The timeframes for preparing adjudication responses have been increased to at least 10 business days for standard payment claims and 15 business days for complex payment claims. Respondents may also apply for further time up to an additional 15 business days for complex payment claims, however any application for additional time must be made within 5 business days after receipt of the adjudication application.

Respondents to complex claims will also be able to raise new reasons in the adjudication response that were not previously raised in the payment schedule. Claimants may respond to new reasons within 15 business days after receipt of the adjudication response and may apply to the adjudicator for an extension of time of up to 15 business days.

It will be vital for claimants to review adjudication responses in detail to ensure that no new reasons are raised which require a response. Failure to do so may result in the adjudicator viewing the claimant’s silence as a concession.

Adjudicators will also have 15 business days to decide complex claims and can still request an extension of time from the parties.

In our view the amendments will severely reduce the number of multi-million dollar adjudication applications under the new regime, as the extended time limits and ability for respondents to raise new reasons in the adjudication response will significantly increase the legal costs to prepare adjudication applications for complex claims.

Claimants in large scale projects may be better served to issue its undisputed claims under the contract only and restrict their payment claims under the BCIP Act to disputed claims so as to fall under the $750,000 threshold. Another possible strategy might be to split or stagger claims to remain under the $750,000 threshold for complex claims. Further, it may be advantageous for contractors and subcontractors to include within their contracts a rapid expert determination process that is final and binding. This may be more appealing than the lengthy process that complex claims under the amended BCIP Act are required to go through and which are only interim awards.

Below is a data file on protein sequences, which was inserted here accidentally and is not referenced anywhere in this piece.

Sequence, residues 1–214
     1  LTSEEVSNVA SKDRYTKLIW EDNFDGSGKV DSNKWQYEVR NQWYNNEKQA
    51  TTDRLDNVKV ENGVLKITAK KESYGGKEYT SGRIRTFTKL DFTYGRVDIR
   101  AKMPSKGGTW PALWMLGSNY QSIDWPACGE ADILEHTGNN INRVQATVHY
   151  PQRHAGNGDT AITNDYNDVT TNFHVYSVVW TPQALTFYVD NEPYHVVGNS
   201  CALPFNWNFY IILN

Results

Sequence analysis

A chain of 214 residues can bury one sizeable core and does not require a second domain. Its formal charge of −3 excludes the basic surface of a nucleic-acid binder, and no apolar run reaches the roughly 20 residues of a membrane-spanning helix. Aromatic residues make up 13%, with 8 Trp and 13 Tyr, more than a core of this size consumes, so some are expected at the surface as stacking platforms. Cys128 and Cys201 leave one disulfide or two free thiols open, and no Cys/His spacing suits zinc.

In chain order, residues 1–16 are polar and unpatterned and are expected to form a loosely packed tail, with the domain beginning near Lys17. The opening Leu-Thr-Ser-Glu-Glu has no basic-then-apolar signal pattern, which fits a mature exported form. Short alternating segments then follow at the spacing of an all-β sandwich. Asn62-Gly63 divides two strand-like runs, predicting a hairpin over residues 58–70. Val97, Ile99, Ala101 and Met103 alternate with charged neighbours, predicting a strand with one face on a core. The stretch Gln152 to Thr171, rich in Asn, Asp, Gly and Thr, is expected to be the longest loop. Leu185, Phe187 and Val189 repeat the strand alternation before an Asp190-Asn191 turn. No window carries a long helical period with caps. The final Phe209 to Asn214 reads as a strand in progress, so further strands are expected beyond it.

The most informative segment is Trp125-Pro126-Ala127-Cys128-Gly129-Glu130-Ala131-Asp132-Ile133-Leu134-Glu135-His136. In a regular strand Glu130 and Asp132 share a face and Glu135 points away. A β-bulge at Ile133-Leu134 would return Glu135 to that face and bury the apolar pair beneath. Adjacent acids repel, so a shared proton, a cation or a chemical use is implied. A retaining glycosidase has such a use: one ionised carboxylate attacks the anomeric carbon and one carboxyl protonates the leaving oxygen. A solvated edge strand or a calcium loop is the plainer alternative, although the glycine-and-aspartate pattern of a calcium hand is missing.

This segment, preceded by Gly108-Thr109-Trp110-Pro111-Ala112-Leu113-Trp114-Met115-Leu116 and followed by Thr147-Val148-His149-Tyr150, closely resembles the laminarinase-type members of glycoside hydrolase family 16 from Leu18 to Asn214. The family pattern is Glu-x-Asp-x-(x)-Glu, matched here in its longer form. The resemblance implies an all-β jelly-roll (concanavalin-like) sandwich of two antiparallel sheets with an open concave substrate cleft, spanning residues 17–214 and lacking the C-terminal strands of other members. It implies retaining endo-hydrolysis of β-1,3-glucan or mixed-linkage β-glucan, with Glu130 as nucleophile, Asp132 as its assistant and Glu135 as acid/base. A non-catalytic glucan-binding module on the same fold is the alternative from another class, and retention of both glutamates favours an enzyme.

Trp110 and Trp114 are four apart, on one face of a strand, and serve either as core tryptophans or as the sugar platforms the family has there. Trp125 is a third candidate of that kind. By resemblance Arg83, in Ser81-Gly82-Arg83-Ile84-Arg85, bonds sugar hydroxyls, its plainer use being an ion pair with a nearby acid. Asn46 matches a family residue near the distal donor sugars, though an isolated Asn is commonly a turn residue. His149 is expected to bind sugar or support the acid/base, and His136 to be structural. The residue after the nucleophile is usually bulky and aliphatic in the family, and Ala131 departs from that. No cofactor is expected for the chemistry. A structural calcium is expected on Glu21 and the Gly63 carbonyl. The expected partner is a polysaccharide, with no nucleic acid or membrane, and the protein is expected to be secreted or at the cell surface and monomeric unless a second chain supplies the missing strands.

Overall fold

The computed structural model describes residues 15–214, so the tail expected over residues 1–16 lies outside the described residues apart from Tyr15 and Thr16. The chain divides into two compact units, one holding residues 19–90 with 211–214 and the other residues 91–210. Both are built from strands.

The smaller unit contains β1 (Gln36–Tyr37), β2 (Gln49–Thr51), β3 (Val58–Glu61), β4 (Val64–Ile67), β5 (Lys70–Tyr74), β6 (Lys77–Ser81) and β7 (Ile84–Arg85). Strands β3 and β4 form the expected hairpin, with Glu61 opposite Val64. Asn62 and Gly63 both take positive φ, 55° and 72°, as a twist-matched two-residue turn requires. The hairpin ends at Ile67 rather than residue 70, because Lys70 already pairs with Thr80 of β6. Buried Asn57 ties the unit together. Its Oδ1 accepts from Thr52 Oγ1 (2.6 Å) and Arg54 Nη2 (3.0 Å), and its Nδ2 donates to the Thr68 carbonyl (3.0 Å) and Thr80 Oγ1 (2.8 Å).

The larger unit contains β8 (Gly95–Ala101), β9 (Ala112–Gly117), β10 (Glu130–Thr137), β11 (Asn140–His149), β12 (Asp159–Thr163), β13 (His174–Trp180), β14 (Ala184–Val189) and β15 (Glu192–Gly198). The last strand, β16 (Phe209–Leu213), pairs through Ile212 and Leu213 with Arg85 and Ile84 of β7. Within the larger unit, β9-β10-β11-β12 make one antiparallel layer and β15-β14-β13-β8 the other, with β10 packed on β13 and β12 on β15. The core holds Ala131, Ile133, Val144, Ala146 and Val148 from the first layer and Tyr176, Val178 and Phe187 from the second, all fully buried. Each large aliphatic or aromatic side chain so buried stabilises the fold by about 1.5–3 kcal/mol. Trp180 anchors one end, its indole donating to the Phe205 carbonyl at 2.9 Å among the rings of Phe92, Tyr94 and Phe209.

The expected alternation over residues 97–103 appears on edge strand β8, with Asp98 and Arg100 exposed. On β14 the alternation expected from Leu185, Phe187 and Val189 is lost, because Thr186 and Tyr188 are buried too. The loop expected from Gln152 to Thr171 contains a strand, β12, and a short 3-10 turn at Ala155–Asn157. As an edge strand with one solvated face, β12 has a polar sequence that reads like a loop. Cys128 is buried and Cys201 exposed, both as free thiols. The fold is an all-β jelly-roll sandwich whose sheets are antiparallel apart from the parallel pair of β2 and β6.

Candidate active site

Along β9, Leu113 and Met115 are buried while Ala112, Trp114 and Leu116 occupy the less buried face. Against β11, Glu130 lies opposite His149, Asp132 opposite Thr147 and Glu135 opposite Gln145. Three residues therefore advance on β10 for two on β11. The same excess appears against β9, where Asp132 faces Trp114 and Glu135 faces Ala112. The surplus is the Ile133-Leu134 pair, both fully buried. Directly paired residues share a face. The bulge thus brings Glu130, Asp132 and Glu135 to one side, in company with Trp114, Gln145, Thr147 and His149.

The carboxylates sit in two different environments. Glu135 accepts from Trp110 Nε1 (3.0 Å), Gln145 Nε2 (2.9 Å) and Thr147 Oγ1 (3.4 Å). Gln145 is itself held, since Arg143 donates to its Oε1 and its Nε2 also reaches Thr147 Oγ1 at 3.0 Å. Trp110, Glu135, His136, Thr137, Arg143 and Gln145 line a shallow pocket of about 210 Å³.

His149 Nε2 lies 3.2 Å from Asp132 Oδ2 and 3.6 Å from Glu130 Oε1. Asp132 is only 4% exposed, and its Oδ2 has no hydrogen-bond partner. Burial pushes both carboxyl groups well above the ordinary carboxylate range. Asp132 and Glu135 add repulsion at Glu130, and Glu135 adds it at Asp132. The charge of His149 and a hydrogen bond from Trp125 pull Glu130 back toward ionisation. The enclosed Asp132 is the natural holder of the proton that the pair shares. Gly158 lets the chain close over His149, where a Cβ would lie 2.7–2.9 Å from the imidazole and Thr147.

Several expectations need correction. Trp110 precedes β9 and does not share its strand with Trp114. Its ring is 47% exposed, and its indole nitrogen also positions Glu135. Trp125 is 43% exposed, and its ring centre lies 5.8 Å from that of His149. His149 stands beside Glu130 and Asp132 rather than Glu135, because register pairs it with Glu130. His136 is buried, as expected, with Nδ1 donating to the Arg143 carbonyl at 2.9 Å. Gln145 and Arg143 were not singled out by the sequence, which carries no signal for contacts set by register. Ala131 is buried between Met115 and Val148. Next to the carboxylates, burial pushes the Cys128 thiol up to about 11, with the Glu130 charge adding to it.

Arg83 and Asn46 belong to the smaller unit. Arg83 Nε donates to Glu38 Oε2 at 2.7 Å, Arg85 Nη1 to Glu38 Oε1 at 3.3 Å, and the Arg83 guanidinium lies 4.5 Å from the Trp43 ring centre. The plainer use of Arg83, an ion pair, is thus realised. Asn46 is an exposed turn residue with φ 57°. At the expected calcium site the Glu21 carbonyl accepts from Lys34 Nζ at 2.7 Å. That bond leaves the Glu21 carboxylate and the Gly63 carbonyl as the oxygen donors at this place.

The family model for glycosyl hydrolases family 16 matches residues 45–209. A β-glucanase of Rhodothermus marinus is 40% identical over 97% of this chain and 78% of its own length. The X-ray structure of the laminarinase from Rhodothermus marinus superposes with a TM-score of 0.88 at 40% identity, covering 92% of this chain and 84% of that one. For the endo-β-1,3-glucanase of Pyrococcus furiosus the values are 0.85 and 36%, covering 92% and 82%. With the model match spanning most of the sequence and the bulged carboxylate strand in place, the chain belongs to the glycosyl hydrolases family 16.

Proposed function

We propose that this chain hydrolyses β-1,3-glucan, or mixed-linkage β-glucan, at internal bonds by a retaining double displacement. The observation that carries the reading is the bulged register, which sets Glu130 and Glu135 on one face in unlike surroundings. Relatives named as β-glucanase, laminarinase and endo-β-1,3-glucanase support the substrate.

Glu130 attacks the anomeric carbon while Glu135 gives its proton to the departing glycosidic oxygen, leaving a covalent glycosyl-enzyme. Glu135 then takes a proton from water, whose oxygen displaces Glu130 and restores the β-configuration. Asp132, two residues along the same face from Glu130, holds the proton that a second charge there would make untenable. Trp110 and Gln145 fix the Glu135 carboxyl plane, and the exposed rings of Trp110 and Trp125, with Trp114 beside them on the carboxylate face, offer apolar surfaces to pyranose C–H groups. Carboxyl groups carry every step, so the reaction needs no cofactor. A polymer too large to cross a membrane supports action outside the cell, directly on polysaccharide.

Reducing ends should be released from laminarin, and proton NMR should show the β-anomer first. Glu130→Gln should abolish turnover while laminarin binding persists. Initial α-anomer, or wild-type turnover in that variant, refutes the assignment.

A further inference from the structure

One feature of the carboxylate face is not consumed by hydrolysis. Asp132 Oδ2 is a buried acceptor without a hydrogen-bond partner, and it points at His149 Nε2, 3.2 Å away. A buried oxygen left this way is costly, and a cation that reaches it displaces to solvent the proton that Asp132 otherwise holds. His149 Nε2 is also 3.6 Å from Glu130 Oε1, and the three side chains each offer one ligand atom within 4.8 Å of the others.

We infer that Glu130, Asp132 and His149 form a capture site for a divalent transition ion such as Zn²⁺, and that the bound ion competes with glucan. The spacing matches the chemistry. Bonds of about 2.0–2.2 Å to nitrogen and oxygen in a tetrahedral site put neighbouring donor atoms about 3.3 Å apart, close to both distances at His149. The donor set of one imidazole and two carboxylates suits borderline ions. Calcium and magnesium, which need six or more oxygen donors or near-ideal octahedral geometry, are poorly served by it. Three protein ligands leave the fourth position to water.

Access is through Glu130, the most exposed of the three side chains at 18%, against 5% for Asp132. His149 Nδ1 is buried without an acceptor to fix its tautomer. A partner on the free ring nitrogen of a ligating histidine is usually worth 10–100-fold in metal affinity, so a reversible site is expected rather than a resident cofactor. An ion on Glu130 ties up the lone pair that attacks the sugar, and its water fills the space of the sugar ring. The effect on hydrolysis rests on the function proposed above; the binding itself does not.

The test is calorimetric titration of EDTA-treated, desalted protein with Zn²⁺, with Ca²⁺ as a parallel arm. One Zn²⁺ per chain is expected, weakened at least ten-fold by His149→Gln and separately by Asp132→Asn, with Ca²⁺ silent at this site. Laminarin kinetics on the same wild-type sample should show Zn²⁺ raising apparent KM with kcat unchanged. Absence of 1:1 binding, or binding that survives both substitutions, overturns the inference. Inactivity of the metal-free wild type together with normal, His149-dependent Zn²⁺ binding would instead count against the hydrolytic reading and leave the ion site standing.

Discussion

Adjudication decisions affected by jurisdictional error are not entirely void

Currently, if an adjudication decision is affected by jurisdictional error (no matter how small) the entire decision is liable to be set aside. 

Under the amended BCIP Act, if a decision is reviewed and the Court finds that only a part of an adjudicator’s decision is affected by jurisdictional error, the court may allow the part of the decision not affected by the error to remain binding on the parties.

This may significantly reduce respondents’ appetite to review decisions which are adverse to their interests.

Conclusion

There is no doubt that the amendments have changed the adjudication landscape dramatically. Strategies that have worked in the past to extract speedy recovery of progress claims may be ineffective under the new regime.

The effect of the transitionary provisions has made it an imperative for contractors and principals alike to implement measures in their contract-administration practices to clearly separate contracts entered into before the Commencement Date from contracts entered into from and after the Commencement Date to ensure that they comply with the different time limits which will apply.

The continuing success of the BCIP Act to protect security of payment for participants in the construction industry will also depend on the successful transfer of the current role of ANAs to the QBCC.

Written by:
Andrew Kelly | Partner | +61 7 3338 7550 | akelly@tglaw.com.au

Jacques Nel | Special Counsel | +61 3338 7538 | jnel@tglaw.com.au
Tom McKillop | Associate | +61 3338 7530 | tmckillop@tglaw.com.au